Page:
At the two-day Caravan event, 40 young people representing Muslims, Christians, and Indigenous People (IP) shared personal and group experiences to enable them to become Catalysts for Peace— inter-faith role models to help overcomes to heal and unite a fragmented nation.
A Muslim youth, Alrashid Abdulmunat, 24, said, “I only heard about the IP’s [indigenous people] before the Caravan. I also thought Christians hate Muslims. But I have learned that they are kind and don’t have bad intentions toward Muslims and IP’s. In the Holy Quran, Almighty Allah instructs that Peace cannot be achieved if all the tribes are not included.”
The participants, who were of diverse ethnicities, ages, and religions, were divided into five groups: A, M, I, T, Y. They participated in games created by Asia America Initiative’s Filipino staff that promoted interaction and learning about each other. Jassan D. Batalang, 19, said, “The peace caravan wouldn’t be memorable if it wasn’t fun. We smiled and laughed a lot … already a sign that we were at peace with each other.”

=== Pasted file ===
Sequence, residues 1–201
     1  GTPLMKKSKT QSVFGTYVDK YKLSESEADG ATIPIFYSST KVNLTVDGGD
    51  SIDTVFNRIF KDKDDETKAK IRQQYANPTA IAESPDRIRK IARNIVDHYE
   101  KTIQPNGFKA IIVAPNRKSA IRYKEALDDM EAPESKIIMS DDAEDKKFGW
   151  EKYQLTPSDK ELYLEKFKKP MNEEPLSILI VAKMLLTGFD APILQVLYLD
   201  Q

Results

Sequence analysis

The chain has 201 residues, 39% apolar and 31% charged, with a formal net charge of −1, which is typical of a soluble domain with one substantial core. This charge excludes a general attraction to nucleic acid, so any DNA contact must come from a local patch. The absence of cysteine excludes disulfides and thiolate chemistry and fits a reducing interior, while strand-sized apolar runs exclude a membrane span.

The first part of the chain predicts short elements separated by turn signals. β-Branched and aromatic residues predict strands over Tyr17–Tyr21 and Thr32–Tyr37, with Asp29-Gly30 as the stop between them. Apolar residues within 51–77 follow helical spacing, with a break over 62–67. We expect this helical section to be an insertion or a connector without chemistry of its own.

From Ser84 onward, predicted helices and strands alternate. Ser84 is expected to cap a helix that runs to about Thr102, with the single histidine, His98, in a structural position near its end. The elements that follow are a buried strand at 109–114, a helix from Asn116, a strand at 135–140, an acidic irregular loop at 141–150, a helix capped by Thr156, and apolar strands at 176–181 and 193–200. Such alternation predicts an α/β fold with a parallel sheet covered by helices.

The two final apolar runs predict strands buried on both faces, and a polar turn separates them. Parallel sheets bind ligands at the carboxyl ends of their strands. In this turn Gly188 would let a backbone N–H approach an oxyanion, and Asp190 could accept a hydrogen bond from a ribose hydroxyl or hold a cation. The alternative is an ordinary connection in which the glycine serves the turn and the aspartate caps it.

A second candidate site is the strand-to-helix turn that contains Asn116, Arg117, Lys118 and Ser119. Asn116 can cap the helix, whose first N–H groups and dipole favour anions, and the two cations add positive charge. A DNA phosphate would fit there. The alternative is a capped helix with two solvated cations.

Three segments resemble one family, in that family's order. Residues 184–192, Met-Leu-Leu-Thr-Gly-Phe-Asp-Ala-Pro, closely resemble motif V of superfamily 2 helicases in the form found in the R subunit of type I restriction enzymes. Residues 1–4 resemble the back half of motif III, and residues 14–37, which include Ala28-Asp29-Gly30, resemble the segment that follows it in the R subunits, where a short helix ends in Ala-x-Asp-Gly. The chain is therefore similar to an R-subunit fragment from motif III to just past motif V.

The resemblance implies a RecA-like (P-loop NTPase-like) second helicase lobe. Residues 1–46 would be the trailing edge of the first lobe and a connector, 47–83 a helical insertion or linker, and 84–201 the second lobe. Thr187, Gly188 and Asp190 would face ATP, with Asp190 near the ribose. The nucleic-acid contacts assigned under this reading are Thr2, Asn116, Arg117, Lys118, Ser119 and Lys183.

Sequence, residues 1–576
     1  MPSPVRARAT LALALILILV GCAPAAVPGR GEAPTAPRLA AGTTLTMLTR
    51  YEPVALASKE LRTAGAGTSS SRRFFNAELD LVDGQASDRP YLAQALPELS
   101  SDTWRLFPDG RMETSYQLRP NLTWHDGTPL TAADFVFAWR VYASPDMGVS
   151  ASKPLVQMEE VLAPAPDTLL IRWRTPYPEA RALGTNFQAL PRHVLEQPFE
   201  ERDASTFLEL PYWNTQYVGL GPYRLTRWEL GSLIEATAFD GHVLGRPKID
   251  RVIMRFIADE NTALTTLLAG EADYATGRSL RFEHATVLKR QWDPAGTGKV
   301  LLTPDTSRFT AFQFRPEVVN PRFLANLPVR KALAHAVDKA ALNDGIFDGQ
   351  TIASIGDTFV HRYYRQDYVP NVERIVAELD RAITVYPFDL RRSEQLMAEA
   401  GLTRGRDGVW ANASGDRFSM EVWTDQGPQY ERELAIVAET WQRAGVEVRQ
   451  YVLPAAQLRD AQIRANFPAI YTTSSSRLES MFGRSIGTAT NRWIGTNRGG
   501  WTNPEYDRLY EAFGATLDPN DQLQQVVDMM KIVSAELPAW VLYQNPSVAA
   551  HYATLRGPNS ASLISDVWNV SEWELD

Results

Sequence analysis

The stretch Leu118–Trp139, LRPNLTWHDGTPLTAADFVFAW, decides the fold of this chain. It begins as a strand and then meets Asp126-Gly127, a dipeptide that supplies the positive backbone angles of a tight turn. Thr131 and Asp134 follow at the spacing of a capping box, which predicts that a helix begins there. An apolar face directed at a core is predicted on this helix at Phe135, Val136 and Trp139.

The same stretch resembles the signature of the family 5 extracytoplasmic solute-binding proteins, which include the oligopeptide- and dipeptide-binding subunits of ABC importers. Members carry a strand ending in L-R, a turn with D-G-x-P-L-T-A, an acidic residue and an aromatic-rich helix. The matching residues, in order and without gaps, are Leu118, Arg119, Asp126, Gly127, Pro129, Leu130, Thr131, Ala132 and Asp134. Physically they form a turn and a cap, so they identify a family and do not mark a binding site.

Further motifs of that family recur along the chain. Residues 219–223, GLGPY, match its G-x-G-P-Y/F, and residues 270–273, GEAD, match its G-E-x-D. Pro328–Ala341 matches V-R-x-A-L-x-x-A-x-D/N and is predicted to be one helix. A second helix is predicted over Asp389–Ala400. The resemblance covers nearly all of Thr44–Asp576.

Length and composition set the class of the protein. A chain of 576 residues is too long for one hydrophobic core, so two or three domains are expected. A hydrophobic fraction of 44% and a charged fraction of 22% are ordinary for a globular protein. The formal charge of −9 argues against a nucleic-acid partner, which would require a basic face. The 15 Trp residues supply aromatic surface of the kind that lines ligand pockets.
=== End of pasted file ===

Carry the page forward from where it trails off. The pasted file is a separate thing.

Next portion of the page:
In peace-building, AAI stresses that peace must begin within one’s self. “If a person doesn’t know the essence of his or her religion, he may become violent. That is why intra-faith is important,” said Alnasser L. Kasim, chair of the Young Moro Professionals Network (YMPN) who spoke on “Islamic Faith”. Brother Mark Joseph Purugganan, a seminarian at the San Jose Seminary who spoke on “Christian Faith”, said some people could misinterpret what their religion was actually teaching them.
Marlon T. Jinon, AAI programs and resource mobilization coordinator, emphasized differences in religion should never be the cause of conflict. “It is greed, lack of awareness, and misunderstanding of our very own religion and culture, and the religion and culture of other people that fuel vicious cycles of war in the world.” He added, “It is ineffective to try to make peace with the world or within a nation before making peace with one’s self, family, and neighbors.”